KUNITORAYA It isn’t a trip to Paris without a stop at the Louvre, either for a runway show or just to get another look at the Mona Lisa. And it isn’t a trip to the Louvre without heading to Kunitoraya for some comforting udon. (The noodles are handmade, of course.) Get the steaming-hot bowl served with shrimp tempura. You’ll thank us later.
ROSE BAKERY Going to an English café while in Paris may seem counter- intuitive, but grabbing a bite at this minimalist-chic canteen is a must. The fashion-crowd hot spot has something for whatever mood you’re in: DIY salad plates that are healthy and satisfying, as well as plenty of indulgent treats to choose from (buttery scones, sticky toffee pudding).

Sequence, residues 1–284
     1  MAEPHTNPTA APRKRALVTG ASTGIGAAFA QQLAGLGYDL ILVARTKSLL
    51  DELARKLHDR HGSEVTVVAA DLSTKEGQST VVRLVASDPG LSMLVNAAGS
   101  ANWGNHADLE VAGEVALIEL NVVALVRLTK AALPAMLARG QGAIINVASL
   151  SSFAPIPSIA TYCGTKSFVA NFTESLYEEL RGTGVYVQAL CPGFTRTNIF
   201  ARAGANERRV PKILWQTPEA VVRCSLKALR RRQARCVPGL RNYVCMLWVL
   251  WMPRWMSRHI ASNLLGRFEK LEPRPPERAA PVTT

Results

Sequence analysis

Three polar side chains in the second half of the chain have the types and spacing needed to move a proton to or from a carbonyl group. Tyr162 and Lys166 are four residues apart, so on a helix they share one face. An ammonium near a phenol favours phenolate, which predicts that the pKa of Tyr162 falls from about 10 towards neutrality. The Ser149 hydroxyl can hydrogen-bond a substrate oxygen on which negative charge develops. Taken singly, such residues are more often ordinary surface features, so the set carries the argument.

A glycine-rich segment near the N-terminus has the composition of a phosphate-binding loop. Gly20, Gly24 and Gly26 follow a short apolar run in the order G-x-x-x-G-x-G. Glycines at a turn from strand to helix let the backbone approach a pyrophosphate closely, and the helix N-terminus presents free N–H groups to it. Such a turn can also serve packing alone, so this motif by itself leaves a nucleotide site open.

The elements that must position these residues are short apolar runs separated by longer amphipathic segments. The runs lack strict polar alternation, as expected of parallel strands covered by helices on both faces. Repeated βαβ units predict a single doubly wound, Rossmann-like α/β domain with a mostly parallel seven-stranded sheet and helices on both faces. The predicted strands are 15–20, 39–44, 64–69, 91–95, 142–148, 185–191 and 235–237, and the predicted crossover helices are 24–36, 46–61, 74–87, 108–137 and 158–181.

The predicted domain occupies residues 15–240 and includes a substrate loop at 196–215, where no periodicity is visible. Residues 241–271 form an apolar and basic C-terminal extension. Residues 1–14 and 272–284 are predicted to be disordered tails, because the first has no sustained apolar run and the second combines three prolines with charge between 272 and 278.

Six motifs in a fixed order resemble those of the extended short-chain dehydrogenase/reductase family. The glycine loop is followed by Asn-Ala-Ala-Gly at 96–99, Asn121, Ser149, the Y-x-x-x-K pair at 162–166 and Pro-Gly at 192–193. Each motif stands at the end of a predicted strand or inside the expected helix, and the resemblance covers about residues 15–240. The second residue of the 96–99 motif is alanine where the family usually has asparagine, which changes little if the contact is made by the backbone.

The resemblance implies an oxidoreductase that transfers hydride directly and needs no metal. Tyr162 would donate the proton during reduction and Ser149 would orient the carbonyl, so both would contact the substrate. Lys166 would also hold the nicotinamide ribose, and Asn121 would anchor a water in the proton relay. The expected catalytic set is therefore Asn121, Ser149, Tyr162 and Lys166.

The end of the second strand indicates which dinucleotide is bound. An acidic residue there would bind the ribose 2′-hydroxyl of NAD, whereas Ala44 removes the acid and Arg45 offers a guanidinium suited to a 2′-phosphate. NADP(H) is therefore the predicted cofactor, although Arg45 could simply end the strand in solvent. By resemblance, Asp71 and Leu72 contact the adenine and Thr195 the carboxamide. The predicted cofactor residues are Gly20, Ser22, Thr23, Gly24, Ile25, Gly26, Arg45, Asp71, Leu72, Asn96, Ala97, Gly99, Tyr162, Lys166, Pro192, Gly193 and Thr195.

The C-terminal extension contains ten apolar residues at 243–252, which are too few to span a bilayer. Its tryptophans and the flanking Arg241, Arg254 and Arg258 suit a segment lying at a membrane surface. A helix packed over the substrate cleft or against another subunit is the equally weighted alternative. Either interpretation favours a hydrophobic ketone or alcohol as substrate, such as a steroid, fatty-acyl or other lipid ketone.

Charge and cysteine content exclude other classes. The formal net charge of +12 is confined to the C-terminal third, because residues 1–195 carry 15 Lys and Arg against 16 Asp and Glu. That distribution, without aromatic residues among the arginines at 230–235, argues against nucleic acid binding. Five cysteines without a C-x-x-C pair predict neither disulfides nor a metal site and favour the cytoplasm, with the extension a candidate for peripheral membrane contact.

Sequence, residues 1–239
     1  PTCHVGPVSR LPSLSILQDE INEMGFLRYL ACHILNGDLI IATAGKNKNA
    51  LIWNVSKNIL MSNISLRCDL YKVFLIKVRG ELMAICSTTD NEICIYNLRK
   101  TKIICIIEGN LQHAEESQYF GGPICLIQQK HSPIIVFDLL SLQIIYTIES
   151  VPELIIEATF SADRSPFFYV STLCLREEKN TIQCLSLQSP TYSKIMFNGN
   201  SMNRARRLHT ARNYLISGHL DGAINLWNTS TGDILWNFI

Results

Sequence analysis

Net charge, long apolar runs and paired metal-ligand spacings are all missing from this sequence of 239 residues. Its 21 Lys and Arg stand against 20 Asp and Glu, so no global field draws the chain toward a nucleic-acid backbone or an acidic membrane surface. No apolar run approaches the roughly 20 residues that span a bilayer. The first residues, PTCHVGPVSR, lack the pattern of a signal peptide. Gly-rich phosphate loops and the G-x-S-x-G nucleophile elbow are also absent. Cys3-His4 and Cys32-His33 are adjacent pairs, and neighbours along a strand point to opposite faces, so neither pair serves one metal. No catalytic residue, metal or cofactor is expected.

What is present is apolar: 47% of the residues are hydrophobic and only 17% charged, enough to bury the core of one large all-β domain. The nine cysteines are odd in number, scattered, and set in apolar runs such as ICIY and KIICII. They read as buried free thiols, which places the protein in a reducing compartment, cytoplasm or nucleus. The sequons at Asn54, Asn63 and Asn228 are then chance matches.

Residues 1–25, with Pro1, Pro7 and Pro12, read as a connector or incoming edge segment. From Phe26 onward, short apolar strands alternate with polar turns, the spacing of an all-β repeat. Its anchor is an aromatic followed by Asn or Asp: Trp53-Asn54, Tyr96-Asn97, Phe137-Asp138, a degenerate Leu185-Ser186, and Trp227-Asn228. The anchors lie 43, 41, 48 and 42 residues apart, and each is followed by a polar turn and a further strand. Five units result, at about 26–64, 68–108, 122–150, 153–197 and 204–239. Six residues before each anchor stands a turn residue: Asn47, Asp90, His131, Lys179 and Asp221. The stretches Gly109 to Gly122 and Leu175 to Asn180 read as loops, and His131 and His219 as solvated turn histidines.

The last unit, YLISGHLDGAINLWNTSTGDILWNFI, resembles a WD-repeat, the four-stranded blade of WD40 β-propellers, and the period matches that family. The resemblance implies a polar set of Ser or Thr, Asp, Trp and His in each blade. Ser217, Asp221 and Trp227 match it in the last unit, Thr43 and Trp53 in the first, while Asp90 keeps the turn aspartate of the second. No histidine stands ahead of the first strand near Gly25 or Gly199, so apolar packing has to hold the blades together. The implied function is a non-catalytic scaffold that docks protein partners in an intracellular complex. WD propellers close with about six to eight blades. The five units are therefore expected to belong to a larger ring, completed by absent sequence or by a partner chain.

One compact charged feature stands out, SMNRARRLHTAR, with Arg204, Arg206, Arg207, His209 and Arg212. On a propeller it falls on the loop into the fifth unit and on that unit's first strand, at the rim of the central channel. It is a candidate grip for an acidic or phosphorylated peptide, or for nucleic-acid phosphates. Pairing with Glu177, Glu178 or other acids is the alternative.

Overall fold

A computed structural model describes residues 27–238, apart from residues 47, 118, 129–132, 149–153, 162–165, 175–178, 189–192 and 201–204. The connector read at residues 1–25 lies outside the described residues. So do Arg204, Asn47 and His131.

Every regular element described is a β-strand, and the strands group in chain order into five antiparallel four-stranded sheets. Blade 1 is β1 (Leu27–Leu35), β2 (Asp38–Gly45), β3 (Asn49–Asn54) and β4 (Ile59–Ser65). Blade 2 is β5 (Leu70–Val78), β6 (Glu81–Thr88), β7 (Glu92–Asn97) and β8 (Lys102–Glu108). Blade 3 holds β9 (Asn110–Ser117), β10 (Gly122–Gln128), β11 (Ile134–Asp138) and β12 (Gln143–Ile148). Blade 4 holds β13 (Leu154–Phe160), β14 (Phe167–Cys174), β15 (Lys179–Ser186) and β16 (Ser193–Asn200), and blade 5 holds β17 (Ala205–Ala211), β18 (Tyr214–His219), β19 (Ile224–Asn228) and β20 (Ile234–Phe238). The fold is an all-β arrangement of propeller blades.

Photo by Rose Bakery
LITTLE RED DOOR Its red door may make it stand out, but this Marais speak- easy still manages to be full of mystery. The inventive cocktail menu is beautifully illustrated (with hidden cards revealing the ingredients of each drink) and is updated twice a year, usually around a theme (most recently “the Menu of Universal Values”).
Photo by Little Red Door Paris
CLOWN BAR Entering Clown Bar almost feels like you’re travelling back in time to the belle époque. (The historic building in which it’s housed dates back to the early 1900s and is adorned with clown murals from the 1920s.) You can’t go wrong with any pour from its selec- tion of natural wines. If you’re feeling brave, try the veal brain—the signature dish. You’ll be pleasantly surprised.
SEPTIME LA CAVE You’ll need at least a month to secure a reso at the fine-dining Septime. Instead, head over to its spinoff wine bar, La Cave. It’s much cozier and more casual: It has only a handful of bar stools, empty crates often sub for tables and chairs and there’s no official wine list. Bottles (many natural) are displayed along the walls, and a chalkboard highlights the ever-changing by-the-glass options.
Photo by Septime La Cave Paris